Published November 09, 2018
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Developing now, Friday, Nov. 9, 2018
THE LEAD STORY - CHAOS IN FLORIDA - Accusing Democrats of conducting a coordinated effort to "steal" elections in a campaign of possibly "rampant fraud," Republican U.S. Senate candidate Rick Scott filed explosive lawsuits late Thursday against the top election officials in two heavily Democratic counties, as they continue to report new votes and three major races in the state appear headed for recounts ... In their lawsuit against Broward County, Scott and the National Republican Senatorial Committee (NRSC) allege that officials there are hiding critical information about the number of votes cast and counted. And in a parallel suit against Palm Beach County, Scott and the NRSC charge that the election supervisor there illegally used her own judgment to determine voter intent when reviewing damaged absentee ballots, while refusing to allow witnesses to monitor the process.
Scott is running against longtime incumbent Democratic Sen. Bill Nelson. "Late Tuesday night, our win was projected to be around 57,000 votes," Scott told reporters. "By Wednesday morning that lead dropped to 38,000. By Wednesday evening, it was around 30,000. This morning, it was around 21,000. Now, it is 15,000." A mandatory recount now appears imminent not only in Scott's race, but also in the agricultural commissioner race and Florida's high-profile gubernatorial contest between Democrat Andrew Gillum and Republican Ron DeSantis, based on new vote totals -- even though Gillum has already conceded. Florida law requires a machine recount when candidates are within 0.50 percentage points of each other. - Reported by Gregg Re (@gregg_re on Twitter)
SEARCH FOR ANSWERS IN CALIFORNIA BAR MASSACRE: Police in Ventura County, Calif., are looking for a motive behind a Marine veteran's shooting rampage at a crowded bar late Wednesday night that left 12 people dead ... Authorities believe Ian David Long, 28, eventually turned the gun on himself, but not before he terrorized a crowd filled with college students at Borderline Bar & Grill in Thousand Oaks. Long's body was found in an office near the entrance of the bar. Sheriff Geoff Dean, who is set to retire Friday, said Long may have suffered from post-traumatic stress disorder and was known to law enforcement officials due to several unspecified "contacts" stretching back multiple years.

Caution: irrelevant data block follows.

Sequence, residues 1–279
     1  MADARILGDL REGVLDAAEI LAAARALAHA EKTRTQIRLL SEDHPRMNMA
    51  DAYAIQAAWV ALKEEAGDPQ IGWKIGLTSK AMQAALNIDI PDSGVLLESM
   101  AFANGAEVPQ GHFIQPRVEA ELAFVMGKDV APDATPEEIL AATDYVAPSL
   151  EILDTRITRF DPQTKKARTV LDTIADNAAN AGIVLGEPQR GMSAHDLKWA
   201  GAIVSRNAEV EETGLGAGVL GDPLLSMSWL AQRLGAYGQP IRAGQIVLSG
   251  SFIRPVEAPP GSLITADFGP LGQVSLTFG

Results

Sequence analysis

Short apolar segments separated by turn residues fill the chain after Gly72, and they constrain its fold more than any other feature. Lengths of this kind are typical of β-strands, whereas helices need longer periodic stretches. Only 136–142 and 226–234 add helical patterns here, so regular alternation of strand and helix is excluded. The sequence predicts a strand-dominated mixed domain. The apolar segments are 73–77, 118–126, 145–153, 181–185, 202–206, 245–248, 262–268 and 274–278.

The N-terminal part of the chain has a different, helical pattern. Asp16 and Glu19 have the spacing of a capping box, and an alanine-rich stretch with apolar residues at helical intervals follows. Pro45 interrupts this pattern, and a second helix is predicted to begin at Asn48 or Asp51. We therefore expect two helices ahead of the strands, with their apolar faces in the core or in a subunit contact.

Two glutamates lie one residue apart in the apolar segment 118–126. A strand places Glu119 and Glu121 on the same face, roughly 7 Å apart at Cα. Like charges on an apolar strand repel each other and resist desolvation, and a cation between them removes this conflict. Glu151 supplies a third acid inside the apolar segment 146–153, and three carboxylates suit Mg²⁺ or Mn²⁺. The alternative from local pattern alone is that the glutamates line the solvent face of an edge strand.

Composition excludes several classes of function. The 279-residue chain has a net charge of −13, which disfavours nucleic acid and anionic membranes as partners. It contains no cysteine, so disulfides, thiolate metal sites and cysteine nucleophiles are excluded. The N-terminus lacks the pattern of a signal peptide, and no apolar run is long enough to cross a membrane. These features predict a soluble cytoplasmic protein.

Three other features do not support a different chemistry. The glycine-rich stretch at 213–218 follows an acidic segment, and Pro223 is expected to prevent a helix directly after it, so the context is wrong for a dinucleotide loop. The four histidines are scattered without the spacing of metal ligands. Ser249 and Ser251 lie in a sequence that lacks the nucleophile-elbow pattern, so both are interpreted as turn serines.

Long served in the Marine Corps from August 2008 to March 2013, with a deployment in Afghanistan between November 2010 and June 2011, military records show. Dean said the last interaction between Long and authorities occurred in April, when police officers were called to Long's house after reports of a disturbance. When they arrived, officers found Long "irate and acting irrationally," leading to a crisis intervention team being summoned. The team, however, cleared Long and said they didn't think he required being taken into custody. - Reported by Katherine Lam (@bykatherinelam on Twitter) and Stephen Sorace
THE FIGHT TO 'PROTECT' THE RUSSIA INVESTIGATION: Eighteen U.S. state attorneys general signed a document Thursday calling for Acting Attorney General Matthew Whitaker to recuse himself from overseeing the Russia investigation, a role he assumed following his temporary appointment following the resignation of Jeff Sessions ... The document was released on Twitter by Massachusetts Attorney General Maura Healey, who tweeted that Whitaker must “recuse himself immediately.” “Acting AG Whitaker’s hostility to the Special Counsel’s investigation disqualifies him from overseeing Robert Mueller,” Healey tweeted. “Deputy Attorney General Rosenstein must be allowed to protect the Special Counsel and insulate the investigation from interference by the White House. #ProtectMueller”